K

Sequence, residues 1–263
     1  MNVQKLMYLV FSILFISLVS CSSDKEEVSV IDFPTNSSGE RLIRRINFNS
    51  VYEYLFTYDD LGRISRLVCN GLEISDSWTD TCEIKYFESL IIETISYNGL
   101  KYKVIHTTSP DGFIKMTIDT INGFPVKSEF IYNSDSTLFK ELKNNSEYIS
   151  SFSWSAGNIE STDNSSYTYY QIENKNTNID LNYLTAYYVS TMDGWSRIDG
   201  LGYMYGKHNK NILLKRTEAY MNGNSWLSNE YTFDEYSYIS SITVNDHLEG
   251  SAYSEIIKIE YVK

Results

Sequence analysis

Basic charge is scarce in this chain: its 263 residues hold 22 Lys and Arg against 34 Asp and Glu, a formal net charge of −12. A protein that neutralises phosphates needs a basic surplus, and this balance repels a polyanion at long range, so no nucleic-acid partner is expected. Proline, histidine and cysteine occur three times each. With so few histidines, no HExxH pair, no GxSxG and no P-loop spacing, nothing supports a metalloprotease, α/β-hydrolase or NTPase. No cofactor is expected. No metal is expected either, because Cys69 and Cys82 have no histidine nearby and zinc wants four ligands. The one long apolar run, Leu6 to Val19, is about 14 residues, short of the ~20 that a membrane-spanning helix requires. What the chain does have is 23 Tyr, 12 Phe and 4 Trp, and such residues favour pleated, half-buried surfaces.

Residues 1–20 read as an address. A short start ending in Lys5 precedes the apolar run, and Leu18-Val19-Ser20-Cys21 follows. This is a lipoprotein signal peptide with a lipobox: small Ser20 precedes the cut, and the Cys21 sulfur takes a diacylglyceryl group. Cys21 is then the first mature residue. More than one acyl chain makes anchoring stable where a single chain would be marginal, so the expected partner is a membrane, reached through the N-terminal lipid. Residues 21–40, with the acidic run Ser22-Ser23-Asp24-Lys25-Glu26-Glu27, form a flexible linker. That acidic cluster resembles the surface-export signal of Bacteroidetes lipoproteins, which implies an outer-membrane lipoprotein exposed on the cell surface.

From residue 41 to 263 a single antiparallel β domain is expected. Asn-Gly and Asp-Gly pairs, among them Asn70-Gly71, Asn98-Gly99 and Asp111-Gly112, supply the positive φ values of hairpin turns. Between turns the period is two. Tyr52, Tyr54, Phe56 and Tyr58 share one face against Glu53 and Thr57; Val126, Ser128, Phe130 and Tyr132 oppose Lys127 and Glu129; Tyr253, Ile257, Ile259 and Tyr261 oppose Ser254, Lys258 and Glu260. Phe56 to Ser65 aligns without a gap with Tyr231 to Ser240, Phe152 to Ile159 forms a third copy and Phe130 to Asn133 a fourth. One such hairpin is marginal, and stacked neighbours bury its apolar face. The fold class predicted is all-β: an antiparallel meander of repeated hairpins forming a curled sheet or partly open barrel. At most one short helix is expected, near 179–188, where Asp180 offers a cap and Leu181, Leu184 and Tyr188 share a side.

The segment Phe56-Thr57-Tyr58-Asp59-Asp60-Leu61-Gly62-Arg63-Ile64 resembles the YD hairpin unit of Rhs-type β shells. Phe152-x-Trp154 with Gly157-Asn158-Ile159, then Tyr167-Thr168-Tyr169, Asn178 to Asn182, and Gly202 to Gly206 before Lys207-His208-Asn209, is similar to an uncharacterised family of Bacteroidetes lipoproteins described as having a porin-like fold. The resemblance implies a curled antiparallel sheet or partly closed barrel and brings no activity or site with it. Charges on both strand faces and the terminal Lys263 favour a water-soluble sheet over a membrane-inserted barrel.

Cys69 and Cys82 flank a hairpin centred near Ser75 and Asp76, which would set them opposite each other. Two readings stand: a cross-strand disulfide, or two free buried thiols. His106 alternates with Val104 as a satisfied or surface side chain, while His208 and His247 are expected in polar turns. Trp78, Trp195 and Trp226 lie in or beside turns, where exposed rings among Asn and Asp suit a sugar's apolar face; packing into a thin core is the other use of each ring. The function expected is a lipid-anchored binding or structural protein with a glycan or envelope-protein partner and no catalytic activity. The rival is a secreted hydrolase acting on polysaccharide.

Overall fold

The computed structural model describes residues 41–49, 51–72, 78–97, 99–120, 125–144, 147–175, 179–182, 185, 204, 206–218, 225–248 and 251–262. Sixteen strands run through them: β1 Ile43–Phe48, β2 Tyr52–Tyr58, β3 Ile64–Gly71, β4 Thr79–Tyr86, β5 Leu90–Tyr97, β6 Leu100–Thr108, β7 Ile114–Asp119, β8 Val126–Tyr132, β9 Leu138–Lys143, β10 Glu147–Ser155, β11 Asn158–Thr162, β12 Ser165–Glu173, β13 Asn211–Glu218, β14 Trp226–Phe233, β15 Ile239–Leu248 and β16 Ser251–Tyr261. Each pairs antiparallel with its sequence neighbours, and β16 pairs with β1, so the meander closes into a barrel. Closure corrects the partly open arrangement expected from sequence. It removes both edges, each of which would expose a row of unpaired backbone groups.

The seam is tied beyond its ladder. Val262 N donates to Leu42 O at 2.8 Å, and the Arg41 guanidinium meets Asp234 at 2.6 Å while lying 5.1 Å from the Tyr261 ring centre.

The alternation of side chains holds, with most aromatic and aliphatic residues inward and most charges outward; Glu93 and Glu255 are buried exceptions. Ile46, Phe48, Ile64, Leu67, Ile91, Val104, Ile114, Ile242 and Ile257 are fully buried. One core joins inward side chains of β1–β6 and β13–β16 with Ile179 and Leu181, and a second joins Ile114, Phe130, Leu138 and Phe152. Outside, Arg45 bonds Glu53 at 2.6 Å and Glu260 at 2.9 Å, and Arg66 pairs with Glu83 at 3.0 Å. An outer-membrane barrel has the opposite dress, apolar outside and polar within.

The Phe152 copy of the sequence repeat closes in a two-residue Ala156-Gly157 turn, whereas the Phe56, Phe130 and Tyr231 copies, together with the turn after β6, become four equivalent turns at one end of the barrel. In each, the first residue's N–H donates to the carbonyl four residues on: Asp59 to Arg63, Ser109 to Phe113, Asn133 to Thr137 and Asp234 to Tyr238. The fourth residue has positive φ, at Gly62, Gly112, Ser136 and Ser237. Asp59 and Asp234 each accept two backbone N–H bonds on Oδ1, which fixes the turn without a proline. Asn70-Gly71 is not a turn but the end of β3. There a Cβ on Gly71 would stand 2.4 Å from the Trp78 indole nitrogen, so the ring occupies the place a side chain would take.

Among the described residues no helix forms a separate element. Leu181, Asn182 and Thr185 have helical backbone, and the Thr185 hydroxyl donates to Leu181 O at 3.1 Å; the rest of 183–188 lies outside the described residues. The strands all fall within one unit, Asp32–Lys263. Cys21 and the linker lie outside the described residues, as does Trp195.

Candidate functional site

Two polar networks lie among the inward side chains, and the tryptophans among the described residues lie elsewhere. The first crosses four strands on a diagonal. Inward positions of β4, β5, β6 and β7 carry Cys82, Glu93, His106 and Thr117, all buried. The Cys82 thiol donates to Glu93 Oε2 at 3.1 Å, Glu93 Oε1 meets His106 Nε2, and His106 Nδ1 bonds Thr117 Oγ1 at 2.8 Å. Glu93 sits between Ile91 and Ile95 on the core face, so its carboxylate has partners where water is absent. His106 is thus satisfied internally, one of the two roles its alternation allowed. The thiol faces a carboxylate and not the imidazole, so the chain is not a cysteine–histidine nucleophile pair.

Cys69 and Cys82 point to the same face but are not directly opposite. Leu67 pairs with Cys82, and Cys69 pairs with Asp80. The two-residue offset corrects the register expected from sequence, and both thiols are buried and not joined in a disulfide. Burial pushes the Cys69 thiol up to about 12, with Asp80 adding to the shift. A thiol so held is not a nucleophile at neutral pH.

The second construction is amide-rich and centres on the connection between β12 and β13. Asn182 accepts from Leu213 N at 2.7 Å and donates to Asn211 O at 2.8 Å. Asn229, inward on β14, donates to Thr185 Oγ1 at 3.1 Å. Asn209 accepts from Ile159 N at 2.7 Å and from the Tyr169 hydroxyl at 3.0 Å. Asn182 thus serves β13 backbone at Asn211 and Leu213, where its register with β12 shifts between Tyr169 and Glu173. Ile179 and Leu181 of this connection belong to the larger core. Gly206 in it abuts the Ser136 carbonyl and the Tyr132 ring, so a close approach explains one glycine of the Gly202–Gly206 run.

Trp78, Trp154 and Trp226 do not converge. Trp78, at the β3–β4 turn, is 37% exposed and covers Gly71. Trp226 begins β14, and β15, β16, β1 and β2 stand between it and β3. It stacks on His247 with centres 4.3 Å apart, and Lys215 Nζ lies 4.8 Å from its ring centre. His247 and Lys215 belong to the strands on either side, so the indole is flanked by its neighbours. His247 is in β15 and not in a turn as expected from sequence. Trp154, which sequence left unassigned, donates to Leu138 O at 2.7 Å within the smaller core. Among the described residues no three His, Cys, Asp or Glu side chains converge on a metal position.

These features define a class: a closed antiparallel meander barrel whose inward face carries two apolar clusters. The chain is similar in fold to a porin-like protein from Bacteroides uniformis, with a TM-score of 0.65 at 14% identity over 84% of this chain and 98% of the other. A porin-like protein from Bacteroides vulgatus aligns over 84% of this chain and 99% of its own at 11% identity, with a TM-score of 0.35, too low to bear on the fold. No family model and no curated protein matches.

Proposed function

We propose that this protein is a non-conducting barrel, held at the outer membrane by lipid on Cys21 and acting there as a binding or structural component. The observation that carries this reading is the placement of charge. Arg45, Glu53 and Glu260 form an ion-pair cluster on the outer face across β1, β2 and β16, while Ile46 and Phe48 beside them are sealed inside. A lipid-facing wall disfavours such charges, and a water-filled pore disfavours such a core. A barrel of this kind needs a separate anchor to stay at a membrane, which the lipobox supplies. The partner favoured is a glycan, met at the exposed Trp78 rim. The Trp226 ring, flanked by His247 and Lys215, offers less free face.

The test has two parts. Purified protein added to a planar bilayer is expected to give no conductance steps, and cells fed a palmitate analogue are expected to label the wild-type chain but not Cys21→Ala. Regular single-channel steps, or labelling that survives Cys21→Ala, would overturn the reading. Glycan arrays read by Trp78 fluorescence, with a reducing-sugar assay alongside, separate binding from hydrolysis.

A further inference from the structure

In this example there is not much to do. You want to show 8000 items, no matter what you do you will have to print 8000 items and this is high cost.Perhaps in a different structure that you do not have, you could have a minimum gain if you could access flatly, but would not even compensate. And PHP is not language for that. The gain would be marginal. This is a linear O(n) complexity, no matter what you do.The complexity seems to be worse because of apparent multiplication, but actually the structure has all the items of array all, the dimensions are only partitions of the whole, the complexity has to be measured throughout.If you had to pick up an item from those 8000 there would have enough to do, which could even achieve constant complexity O(1). But it is possible that you would need to use a different structure, but it is not something that PHP is good. Depending on the requirement and guarantees of the structure, if it does not give O(1), it could give logarithmic complexity O(log n).The(1) and O(log n) are great for large volumes (for small ones can be even worse in practice), but many algorithms can only be made in O(n) even. Anything that requires access to the whole will have at least linear complexity, no matter what you do. Unless, of course, the data can be obtained in a procedural way, but there is no accessing data from a structure and yes calculating the result based on a formula. Even if this was possible in the question algorithm would still be linear.If you have 1000 x 1000 x 1000 x 1000 x 1000 items, you have 1 trillion items to evaluate in algorithm that needs all of them, you do not have what to do, computer and math do not miracle.If you have a quadratic algorithm O(n2) It is usually bad, but nothing unmanageable until a certain amount of items (miles or up to millions). It will be bad, but you can work. You have many studies to avoid getting here because "many" problems seem to have that need.Starts to be a problem in exponential complexity O(2n) where only 100 items will produce an algorithm that needs to make 1,267,650,600,228,229,401,496,703,205,376 (more than 1 nonillion) operations. That's brutal. To give a parameter a processor makes less than 1 billion operations very simple per second. In anything realistic a computer would take years or centuries to process it. You couldn't think of the number with 1000 items.Only factor complexity O(n!) is worse than this, where in each step increases the distance of the step. Then what starts quieter, quickly becomes inviable. 100 daria 933262154439441526816992388562667004907159682643816214685929638952175993229915608941463976156518286253697920827223758251185210916864000000000000000000000000000000000000. It's close to one Apart from the complexities that should be avoided in all possible ways, you can better see the differences between what actually happens. See https://pt.stackoverflow.com/a/56868/101 where I took the images.He probably believes that nested ties are a problem because he believes in "good practices", that is, he thinks there are rules that always followed solve all problems. In fact everything depends on context.You can even slightly improve performance if you make the structure flat (one dimension) because it would have a loop. This will not diminish the complexity of the algorithm, but will bring a minimum gain. Optimizations should not give minimum gains, unless in many specific cases. The gains with the reduction of complexity are much more important, and in this case there is no way to reduce complexity, nor even accepting any other disadvantage, unless you have something in the dataset that allows some specific optimization, which is very rare to occur.